The histories that resettled refugee children bring to classrooms in the United States are multiple and varied. Refugees come from many countries and many socioeconomic, political, linguistic, and ethnic backgrounds. While their migration paths are unique and reasons for resettlement diverse, most refugees have experienced extended stays in refugee camps or urban areas within countries of first asylum. The previous experiences of refugee children affect the way they experience school and the relationships they form with teachers and peers. However, the histories of resettled refugee children are often hidden from their teachers and other school staff in the United States by factors such as language barriers, privacy concerns, cultural misunderstandings, and stereotypes. The existing literature on the education of refugee children in the United States focuses primarily on postarrival experiences, with little attention to the educational experiences of these children in their countries of origin and first asylum. But the pre-resettlement experiences of refugee children can have significant ramifications on their post-resettlement academic performance, psychosocial service needs, and sense of belonging in school. Refugee children often experience frequent disruptions and limited access to schooling, leaving many behind their age-appropriate grade level. Sporadic schooling pre-resettlement may shape the attitudes of parents and children, potentially causing reluctance to invest time in schools and important relationships. Refugee children are also frequently exposed to multiple languages of instruction over the course of their migration, resulting in language confusion and difficulty mastering academic content. This report explores the educational histories of young refugee children in first-asylum countries and identifies elements of these that are relevant to post-resettlement education in the United States. The author's analysis draws on more than a decade of in-depth research conducted on refugee education in countries of first asylum prior to arrival in the United States. Based on this research, the author identifies four key aspects of educational experiences that are particularly salient for U.S. teachers and schools: limited and disrupted educational opportunities, language barriers to educational access, inadequate quality of instruction, and discrimination in school settings. The report includes findings from field-based case studies involving children from the Democratic Republic of Congo, Myanmar, Somalia, and Syria, who were living in first-asylum countries Bangladesh, Burundi, Egypt, Kenya, Malaysia, and Uganda.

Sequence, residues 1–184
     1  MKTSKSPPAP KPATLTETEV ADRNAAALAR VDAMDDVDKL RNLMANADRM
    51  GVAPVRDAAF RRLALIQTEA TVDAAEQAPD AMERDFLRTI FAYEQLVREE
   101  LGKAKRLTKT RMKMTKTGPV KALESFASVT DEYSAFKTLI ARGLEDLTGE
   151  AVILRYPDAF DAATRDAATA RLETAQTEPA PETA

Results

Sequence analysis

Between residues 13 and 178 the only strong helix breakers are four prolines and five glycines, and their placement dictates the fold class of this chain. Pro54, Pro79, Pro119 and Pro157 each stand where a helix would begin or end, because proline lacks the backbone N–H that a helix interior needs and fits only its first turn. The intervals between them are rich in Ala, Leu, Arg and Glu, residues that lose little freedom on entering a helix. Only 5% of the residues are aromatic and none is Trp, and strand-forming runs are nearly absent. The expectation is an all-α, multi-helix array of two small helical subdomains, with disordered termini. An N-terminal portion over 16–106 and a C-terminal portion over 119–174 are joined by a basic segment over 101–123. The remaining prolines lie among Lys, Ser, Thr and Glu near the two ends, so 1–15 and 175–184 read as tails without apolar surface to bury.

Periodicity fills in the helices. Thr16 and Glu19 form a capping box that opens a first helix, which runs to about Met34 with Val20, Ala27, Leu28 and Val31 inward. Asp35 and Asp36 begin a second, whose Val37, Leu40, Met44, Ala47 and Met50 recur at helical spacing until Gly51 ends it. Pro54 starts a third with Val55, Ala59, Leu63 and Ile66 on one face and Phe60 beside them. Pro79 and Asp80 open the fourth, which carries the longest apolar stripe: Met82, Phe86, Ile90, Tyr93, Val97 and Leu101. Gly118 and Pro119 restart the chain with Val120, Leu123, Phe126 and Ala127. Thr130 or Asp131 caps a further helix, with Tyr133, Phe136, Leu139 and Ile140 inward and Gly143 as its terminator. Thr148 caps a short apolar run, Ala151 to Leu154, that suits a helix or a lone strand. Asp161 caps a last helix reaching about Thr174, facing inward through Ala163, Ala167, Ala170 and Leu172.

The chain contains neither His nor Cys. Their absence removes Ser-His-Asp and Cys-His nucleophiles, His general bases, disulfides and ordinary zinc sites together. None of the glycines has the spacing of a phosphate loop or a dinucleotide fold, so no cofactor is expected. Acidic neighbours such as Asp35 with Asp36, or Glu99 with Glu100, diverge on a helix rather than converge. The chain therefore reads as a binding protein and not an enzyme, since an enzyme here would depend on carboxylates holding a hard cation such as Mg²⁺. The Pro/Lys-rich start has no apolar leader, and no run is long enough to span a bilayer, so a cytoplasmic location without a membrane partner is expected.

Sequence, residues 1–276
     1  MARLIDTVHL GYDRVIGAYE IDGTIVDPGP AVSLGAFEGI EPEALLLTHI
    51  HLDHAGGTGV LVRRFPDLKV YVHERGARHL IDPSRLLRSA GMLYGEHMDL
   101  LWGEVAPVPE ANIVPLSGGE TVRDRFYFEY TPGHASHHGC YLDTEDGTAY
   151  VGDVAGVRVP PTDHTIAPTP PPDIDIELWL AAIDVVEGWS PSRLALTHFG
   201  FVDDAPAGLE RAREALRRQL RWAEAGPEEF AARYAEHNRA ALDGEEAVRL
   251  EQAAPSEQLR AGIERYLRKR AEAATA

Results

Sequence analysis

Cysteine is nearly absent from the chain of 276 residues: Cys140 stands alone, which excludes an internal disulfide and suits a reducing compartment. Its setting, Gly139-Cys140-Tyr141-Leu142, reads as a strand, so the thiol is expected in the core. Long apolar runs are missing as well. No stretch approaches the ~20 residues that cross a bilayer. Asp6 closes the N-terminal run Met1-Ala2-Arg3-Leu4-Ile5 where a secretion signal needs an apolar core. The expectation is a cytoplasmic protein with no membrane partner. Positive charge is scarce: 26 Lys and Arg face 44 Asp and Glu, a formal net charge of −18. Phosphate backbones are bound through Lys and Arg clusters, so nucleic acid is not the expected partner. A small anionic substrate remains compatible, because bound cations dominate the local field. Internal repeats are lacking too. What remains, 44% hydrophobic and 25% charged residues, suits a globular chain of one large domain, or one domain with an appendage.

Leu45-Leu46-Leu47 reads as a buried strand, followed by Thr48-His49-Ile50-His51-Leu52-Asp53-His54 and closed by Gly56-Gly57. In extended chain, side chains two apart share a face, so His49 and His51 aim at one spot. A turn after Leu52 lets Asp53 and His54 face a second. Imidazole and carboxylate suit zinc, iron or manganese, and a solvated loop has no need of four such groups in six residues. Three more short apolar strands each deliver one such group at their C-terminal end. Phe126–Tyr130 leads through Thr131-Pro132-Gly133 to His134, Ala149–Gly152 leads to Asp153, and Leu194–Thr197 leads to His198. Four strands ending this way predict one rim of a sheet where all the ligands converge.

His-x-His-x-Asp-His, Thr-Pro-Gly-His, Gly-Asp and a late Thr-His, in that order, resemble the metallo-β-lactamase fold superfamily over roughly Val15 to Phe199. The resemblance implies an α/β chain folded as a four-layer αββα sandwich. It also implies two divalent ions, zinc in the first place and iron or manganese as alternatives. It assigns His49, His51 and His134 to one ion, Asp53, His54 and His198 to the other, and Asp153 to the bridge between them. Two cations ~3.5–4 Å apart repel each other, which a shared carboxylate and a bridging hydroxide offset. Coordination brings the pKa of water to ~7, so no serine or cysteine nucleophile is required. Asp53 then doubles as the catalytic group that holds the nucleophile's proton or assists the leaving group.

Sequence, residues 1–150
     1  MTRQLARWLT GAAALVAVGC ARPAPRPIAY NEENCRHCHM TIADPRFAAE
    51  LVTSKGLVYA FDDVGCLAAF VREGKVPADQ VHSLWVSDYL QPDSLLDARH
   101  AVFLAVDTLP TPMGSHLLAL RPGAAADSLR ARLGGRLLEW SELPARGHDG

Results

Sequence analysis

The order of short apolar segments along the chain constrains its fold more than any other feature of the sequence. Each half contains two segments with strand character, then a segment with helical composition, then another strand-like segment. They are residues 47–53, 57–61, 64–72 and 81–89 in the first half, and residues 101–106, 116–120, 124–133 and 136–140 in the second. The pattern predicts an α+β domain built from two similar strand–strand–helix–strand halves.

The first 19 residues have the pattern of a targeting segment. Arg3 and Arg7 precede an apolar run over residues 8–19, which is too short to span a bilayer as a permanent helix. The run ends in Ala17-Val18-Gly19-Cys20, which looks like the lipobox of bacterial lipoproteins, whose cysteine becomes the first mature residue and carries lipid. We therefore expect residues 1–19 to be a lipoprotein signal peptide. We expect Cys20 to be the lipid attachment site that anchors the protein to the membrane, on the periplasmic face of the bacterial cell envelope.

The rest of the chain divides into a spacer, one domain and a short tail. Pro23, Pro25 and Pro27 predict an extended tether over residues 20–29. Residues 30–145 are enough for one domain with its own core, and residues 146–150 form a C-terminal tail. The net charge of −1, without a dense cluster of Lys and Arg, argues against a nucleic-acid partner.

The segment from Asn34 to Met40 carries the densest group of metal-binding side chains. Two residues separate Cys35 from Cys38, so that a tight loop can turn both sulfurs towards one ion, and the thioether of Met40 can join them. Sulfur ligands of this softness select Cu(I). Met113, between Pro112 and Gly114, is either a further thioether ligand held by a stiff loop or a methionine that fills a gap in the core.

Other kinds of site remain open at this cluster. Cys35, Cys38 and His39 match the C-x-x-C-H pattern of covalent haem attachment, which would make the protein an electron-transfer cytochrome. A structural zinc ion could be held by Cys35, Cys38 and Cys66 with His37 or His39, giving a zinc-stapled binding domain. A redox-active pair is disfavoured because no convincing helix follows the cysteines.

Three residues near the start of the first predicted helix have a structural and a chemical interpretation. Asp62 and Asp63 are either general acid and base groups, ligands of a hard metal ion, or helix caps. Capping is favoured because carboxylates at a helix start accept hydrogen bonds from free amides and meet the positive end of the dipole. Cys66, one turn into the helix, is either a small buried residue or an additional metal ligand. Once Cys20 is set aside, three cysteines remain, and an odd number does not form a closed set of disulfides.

Students with Interrupted Formal Education